Support the Voice of Scientists Through Photography

One way to help the sciences to give scientists a voice. In this series I give an inside look into the lives and laboratories of neuroscientists at MIT. 

Please click this link to vote for this series to exhibit in NYC and support the stories of science! 

Caitlin Vander Weele comes from a small German tourist town, Frankenmuth, Michigan where it is Christmas year around. Vander Weele is currently a PhD candidate and interested in what projection-defined circuits in the prefrontal cortex encode information about positive and negative events. Her research has led to finding brain regions that play a crucial role in generating feelings of isolation. Vander Weele recently launched a magazine that blends both science and art called Inerstellate.

Caitlin Vander Weele comes from a small German tourist town, Frankenmuth, Michigan where it is Christmas year around. Vander Weele is currently a PhD candidate and interested in what projection-defined circuits in the prefrontal cortex encode information about positive and negative events. Her research has led to finding brain regions that play a crucial role in generating feelings of isolation. Vander Weele recently launched a magazine that blends both science and art called Inerstellate.

There is a burgeoning interest in neuroscience in popular culture. Researchers play an integral part in culture but the public knows very little about how science is done, who actually does it or exactly why it’s important. One consequence of opaque scientific work is the inability to see which individuals are conducting their research, their personal stories, and their motivations to help reveal the complexity of the nature we are imbued by. 

These images were captured with a compact large format camera using experimental New55 PN instant film. The opaqueness of the positive (left) represents the raw data collected by scientists on their quest to understand nature. The inverted negative (right) represents how scientists reveal nature through filtering data, beautifying imagery, and at times removing unwanted, but captured information. 

All scientists and equipment are part of the Department of Brain and Cognitive Sciences and the Picower Institute for Learning and Memory at the Massachusetts Institute of Technology.

Council for the Arts at MIT Grant - A Progress Report

I will be using the large format New55 PN black and white instant film along with the new Travelwide 4×5 camera

I will be using the large format New55 PN black and white instant film along with the new Travelwide 4×5 camera

Last May I applied to the Council for the Arts Grant at MIT and was awarded for my project called Representation of Hidden Communication. Infinite thanks to the CAMIT awarding committee! Here's my introduction paragraph to the grant project:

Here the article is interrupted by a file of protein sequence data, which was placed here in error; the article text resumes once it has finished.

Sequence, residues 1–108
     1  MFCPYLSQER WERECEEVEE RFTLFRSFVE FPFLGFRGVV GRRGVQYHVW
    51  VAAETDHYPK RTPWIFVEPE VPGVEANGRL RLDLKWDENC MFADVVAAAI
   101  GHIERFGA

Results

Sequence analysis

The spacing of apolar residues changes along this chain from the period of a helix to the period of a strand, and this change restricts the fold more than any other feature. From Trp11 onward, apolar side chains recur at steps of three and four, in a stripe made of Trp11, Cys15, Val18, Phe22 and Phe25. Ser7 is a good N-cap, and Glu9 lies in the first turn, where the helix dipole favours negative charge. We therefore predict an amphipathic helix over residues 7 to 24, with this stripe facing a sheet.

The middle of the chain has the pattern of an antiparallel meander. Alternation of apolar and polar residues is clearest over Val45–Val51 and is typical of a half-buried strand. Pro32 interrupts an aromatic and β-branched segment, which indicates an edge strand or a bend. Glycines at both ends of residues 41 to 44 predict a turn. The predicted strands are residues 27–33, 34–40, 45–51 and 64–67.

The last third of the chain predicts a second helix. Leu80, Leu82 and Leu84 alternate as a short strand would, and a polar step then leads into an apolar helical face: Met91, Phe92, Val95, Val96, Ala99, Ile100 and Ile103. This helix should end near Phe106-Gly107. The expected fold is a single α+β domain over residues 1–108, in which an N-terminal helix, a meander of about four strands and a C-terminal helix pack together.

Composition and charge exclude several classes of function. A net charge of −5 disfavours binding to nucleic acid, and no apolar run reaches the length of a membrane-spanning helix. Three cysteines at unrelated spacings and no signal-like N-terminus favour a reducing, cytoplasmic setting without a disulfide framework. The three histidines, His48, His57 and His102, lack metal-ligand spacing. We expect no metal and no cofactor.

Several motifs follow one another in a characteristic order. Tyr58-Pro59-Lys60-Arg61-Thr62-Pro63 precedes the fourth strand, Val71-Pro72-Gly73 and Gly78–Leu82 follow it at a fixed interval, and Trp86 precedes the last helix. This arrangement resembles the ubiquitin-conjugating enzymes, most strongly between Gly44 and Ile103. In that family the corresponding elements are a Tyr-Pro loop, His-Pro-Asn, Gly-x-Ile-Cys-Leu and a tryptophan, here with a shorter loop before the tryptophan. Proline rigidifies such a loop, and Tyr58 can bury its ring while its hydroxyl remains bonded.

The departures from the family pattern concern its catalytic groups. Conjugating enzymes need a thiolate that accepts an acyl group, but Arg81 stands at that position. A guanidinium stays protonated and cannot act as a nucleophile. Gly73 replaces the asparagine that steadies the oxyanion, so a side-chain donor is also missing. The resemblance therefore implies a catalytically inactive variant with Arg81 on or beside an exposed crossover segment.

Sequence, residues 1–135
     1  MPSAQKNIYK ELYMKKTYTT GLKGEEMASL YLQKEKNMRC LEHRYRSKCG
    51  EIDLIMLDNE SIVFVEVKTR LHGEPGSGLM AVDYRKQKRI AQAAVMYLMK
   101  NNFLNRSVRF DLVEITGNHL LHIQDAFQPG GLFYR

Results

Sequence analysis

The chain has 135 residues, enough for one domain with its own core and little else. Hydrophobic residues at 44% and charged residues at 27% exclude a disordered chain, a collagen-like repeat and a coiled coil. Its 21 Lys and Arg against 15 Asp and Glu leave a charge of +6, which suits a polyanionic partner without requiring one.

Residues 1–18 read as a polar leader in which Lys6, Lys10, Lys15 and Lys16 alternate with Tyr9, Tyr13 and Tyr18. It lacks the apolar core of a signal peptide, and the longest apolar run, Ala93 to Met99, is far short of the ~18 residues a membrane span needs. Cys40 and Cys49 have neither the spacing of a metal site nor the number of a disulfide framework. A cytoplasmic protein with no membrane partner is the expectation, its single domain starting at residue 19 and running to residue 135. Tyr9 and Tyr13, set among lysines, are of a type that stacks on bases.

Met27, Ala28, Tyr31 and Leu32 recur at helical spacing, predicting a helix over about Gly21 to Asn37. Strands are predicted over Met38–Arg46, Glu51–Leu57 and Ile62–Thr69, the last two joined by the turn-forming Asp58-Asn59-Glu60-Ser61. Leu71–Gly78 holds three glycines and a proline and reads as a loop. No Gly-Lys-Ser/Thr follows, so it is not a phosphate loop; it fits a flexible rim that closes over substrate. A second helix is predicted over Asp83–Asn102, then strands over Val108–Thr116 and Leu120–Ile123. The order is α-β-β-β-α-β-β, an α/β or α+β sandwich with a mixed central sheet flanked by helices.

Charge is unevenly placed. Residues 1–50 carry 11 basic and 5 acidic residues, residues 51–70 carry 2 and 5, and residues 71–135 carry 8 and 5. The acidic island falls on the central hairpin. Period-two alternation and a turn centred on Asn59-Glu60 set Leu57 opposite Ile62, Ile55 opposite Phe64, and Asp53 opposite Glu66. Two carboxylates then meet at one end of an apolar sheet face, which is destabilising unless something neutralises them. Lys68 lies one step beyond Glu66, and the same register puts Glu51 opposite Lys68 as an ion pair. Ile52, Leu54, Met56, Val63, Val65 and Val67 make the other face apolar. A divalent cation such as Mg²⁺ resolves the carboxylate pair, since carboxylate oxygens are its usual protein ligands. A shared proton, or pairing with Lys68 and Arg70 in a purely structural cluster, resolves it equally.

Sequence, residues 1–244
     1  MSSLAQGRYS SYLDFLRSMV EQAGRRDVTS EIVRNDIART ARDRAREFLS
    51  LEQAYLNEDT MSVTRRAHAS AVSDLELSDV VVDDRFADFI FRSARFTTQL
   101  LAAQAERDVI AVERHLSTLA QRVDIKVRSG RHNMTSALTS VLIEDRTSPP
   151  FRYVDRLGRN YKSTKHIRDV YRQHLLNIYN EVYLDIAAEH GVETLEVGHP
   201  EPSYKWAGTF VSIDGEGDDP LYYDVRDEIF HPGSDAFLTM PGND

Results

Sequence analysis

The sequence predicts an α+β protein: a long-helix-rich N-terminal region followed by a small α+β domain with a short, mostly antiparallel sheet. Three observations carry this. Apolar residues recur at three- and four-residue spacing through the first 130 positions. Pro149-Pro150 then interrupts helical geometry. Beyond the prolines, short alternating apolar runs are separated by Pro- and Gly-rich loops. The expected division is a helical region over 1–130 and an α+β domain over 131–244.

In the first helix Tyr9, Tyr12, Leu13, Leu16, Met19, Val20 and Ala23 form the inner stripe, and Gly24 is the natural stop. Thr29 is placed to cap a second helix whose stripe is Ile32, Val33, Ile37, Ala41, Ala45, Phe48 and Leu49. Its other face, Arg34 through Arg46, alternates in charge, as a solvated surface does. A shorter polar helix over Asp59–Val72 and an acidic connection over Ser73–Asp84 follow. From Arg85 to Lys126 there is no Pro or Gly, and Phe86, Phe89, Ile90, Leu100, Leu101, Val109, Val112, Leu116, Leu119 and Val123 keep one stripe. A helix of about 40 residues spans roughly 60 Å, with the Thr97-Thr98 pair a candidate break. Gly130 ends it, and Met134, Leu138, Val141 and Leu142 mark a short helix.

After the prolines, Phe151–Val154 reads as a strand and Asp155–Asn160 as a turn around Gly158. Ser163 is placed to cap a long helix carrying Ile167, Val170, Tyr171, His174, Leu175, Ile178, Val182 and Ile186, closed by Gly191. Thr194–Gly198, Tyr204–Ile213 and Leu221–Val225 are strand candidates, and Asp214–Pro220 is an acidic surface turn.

Trillions of neurons must connect in just the right way for the brain to properly function. At its fundamental level, the brain has evolved to communicate. Humans have created sophisticated tools that enhance information sharing, such as through music, visual imagery, and social media. Although there are numerous ways to communicate information, and a burgeoning interest in neuroscience in popular culture, mass media distills the scientific process to the end result (for example, findings from a publication in a scientific journal). Little to no attention is given to neuroscience researchers, who could bring life to the scientific process and merit cultural representation.

With the above in mind I've created a photography project that aims to teach the general public about neuroscience research, the lives/motivations of researchers, and the tools used to conduct research. I have been documenting my process and will soon start sharing said progress on Instagram and my Facebook Group Page. I hope you'll follow along with me where I'll show you my process, pitfalls, successes, and eventually an entire series of images!

This blog post is part of my Council for the Arts at MIT (CAMIT) Grant, which I was awarded in May of 2016. As part of this project I am documenting my documentation of neuroscience research, the people that conduct said research, and the spaces where research takes place using New55 PN large format instant film. 

 

Sixteen Mile Arts Exhibition - Decisive: New Currents in Street Photography

On Friday Aug. 19th from 7:00-9:00pm the Sixteen Mile Arts Gallery held an opening for their new exhibition, Decisive: New Currents in Street Photography. Photography on view is for sale! Images on display by Sheldon Serkin Cara Gallardo Weil Lee Atwell Joshua Sarinana Michal Koralewski photography Graeme Roy Brendan Ó Sé Dixon Hamby Douwe Dijkstra Eric Mueller & many more. My image Between Stations will be on exhibit!

 

 

Better Photography Feature - August 2016 Issue

Click on each image to read my feature in the August issues of Better Photography. Many thanks to Sakshi Parikh for interviewing me!